Preprint Article Version 1 Preserved in Portico This version is not peer-reviewed

Microcredit in Bangladesh: Impact on Borrowers’ Social Mobility Revisited

Version 1 : Received: 21 June 2020 / Approved: 23 June 2020 / Online: 23 June 2020 (13:38:58 CEST)

A peer-reviewed article of this Preprint also exists.

Ferdous, A. , Begum, S. and Akter, J. (2020) Microcredit in Bangladesh: Impact on Borrowers’ Social Mobility Revisited. Open Journal of Social Sciences, 8, 163-180. doi: 10.4236/jss.2020.87014. Ferdous, A. , Begum, S. and Akter, J. (2020) Microcredit in Bangladesh: Impact on Borrowers’ Social Mobility Revisited. Open Journal of Social Sciences, 8, 163-180. doi: 10.4236/jss.2020.87014.

Journal reference: Open Journal of Social Sciences 2020, 8, 163-180
DOI: 10.4236/jss.2020.87014

Abstract

In Bangladesh, microcredit program has been in function for almost half a century. Though popularly termed as a tool for poverty alleviation and women empowerment, criticism about microcredit program’s actual effectiveness isn’t new. This study attempts to evaluate the impact of such programs by measuring borrowers’ social mobility. Using a multidimensional approach, indicators like household income, economic susceptibility, living conditions, consumption pattern, children’s education, healthcare facilities, women’s participation in decision-making were taken into account for measurement. Quantitative method was used. Based on a non-probability sampling, 107 microcredit borrowers were selected for conducting interview schedules who live in a rural, a semi-urban and an urban area. Statistical analysis of data reveals that those who have been taking loans for several number of years have all managed to increase their income level to a variety of extent, but only those have gained some sort of mobility who have been taking loans for more than 4-5 years and have taken 5 times or more. Few of them have actually moved from microcredit to become a microfinance client by taking bigger amount of loans and having savings. Positive responses about the indicators being used in the study were found among the handful of those who have mobilized significantly. In true sense, most of the borrowers are stuck at the bottom end of socio-economic ladder and are struggling to manage a better living standard.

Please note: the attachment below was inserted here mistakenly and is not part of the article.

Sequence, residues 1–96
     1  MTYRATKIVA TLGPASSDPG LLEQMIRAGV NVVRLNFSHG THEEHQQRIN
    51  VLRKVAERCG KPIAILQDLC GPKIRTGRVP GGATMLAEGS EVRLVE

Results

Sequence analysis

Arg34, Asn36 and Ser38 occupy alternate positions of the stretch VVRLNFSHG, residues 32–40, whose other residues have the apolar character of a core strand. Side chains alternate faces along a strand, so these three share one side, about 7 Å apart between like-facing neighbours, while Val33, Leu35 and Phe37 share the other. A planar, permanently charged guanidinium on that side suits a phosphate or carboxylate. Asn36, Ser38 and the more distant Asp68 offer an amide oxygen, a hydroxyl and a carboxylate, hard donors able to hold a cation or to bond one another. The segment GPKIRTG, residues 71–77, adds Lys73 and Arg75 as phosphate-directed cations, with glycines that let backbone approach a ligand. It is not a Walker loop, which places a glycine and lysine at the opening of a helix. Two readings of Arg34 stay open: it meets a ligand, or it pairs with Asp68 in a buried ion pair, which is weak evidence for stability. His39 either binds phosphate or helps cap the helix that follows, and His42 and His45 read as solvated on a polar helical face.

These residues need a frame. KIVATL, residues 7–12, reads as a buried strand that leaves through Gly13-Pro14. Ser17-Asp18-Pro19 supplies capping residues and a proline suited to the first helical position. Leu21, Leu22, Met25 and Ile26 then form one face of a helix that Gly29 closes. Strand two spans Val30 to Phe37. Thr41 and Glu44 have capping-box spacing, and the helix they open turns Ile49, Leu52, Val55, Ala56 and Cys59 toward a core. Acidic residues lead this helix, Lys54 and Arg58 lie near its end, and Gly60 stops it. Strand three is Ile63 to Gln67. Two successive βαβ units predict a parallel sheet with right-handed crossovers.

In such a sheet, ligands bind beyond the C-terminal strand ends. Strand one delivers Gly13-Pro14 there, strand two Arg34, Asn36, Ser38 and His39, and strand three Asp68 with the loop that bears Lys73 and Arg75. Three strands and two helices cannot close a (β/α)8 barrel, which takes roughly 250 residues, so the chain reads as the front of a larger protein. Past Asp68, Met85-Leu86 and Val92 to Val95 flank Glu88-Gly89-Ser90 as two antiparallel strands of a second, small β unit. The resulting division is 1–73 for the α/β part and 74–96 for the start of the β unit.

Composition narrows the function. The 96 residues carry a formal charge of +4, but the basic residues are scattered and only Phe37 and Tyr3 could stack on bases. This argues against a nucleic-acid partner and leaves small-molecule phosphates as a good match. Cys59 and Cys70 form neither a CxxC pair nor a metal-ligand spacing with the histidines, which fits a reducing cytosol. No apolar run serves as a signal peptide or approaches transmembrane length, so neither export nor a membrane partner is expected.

Subject Areas

microcredit; social mobility; impact; socio-economic; class position

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